Stuart & Gillian Hamilton are pleased to welcome you to The Maids Head Wicken. We acquired the business at the beginning of September 2012. We celebrate 5 happy years at The Maids Head this year and pleased to have made so many friends and met some real interesting people. We are looking forward to the next 5 years.
The Maids Head in Wicken is a traditional 13th century thatched pub/restaurant bursting with history and sits on the lovely village green. The Maids Head is thought to be one of the oldest pubs in Cambridgeshire.
There were originally three pubs in the village, The Red Lion opened in the late 18th century and closed in 1930s and The Black Horse closed in the 1950s. in 1983 The Maids Head, the villages’ only remaining pub, was destroyed by fire but was immediately rebuilt to its original design.
We can host private parties, weddings, birthday parties etc. In the summer we can use a marquee at the front or side of the pub for larger parties and outdoor events in this lovely village setting. Please contact us for further details.
History of Wicken
Wicken parish consists principally of fenland covering 1,604 hectares (3,964 acres) in eastern Cambridgeshire. Wicken Fen is a wetland nature reserve situated near the village of Wicken. It is one of Britain’s oldest nature reserves, and was the first reserve acquired by the National Trust, in 1899. The reserve includes fenland, farmland, marsh, and reedbeds. Wicken Fen is one of only four wild fens which still survive in the enormous Great Fen Basin area of East Anglia, where 99.9% of the former fens have now been replaced by arable cultivation.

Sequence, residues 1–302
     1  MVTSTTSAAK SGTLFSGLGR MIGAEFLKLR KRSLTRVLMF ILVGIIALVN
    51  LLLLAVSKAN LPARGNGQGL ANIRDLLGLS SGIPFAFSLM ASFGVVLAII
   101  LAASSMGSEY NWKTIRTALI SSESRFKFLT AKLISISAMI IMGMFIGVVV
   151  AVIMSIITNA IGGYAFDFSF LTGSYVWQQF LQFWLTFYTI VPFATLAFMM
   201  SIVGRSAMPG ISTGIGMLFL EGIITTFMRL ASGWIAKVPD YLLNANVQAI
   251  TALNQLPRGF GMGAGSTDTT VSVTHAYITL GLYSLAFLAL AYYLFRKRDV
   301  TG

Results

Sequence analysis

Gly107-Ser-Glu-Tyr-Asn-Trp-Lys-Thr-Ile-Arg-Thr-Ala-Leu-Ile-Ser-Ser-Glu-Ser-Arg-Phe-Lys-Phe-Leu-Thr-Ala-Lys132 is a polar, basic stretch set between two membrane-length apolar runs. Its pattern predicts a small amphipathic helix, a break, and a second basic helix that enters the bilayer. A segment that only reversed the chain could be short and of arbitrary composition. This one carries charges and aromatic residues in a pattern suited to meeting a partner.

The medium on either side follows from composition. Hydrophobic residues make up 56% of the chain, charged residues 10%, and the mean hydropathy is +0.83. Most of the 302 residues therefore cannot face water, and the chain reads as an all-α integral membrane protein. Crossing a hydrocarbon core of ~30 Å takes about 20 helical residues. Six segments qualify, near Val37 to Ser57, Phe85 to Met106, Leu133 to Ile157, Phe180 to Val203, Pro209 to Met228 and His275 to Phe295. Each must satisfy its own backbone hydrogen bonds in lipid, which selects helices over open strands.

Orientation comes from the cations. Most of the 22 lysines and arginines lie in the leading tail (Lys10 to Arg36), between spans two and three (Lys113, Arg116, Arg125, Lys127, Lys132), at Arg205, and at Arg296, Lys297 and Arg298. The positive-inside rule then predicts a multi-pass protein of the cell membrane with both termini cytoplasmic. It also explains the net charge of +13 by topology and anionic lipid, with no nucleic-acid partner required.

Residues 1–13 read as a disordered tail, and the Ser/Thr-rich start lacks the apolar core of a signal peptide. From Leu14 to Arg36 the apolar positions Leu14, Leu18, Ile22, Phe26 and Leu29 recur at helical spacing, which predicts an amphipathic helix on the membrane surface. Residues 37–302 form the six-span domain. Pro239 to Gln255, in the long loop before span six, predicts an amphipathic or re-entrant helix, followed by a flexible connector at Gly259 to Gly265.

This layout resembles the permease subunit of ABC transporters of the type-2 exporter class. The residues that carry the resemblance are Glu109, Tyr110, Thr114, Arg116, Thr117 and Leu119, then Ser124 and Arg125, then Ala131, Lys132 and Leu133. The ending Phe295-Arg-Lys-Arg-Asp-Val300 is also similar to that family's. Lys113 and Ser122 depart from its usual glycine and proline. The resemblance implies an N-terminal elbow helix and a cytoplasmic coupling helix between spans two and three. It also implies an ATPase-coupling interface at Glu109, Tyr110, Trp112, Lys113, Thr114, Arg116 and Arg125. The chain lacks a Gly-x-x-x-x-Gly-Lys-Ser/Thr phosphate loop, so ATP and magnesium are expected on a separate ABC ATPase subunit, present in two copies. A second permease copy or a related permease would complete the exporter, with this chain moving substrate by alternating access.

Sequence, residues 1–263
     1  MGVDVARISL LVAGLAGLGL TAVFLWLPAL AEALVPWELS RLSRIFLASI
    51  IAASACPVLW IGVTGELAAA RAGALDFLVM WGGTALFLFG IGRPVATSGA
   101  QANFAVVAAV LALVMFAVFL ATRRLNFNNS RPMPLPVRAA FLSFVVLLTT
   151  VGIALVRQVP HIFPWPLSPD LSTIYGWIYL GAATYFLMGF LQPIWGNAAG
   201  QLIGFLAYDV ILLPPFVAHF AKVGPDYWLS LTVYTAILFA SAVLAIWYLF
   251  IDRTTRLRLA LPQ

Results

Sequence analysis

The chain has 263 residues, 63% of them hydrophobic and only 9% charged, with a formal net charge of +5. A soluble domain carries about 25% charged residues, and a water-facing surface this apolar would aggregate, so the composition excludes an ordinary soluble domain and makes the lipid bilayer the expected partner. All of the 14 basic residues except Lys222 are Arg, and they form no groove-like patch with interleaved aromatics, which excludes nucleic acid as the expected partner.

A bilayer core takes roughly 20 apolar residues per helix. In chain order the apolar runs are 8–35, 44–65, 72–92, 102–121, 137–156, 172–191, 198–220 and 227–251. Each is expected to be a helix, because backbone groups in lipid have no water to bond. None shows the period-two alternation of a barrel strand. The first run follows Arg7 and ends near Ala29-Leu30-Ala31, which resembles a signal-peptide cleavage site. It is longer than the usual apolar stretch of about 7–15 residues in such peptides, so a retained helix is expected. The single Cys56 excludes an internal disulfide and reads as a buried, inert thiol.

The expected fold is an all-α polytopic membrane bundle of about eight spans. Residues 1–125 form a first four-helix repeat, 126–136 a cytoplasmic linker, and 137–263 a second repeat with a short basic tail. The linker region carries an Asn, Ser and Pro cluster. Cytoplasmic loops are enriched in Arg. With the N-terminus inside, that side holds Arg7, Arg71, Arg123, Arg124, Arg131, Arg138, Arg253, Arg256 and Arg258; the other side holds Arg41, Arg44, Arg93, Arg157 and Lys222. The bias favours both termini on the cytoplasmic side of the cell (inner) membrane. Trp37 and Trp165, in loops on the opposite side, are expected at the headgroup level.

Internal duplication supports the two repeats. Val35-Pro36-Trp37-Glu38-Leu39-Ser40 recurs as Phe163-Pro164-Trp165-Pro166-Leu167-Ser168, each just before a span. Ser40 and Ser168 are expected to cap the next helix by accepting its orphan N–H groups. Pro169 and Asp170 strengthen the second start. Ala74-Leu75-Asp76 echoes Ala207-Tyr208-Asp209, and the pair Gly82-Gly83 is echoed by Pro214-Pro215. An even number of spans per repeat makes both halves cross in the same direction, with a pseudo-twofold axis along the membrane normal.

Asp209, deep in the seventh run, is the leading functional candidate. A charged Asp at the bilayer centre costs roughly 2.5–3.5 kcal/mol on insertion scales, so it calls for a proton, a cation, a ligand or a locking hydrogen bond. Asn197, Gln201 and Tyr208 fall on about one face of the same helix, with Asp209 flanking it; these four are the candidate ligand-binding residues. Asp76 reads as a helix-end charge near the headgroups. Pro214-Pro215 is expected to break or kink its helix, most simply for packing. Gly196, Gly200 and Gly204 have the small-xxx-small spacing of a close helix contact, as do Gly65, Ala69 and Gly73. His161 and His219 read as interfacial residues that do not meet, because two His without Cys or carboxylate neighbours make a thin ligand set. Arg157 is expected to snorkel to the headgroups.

East Cambridgeshire is known for its great quantity of archaeological findings from the Stone Age, the Bronze Age and the Iron Age. Of Wicken some Bronze Age activity is known as there are a few subsided barrows. Stone Age flint tools, Bronze Age weapons and Roman coinage have also been found in the parish as well as a few spears and other weapons from the Anglo-Saxon era.
Wicken’s relative isolation has meant that several of the late medieval and early modern timber-framed houses survive. The medieval limestone cross which formerly stood on Cross Green was unburied and reinstated there in 1973. Wicken was listed as Wicha in the Domesday Book and Wiken in around 1200. The name comes from an Old-English dative plural wícum meaning “the dwellings” or “the trading settlement.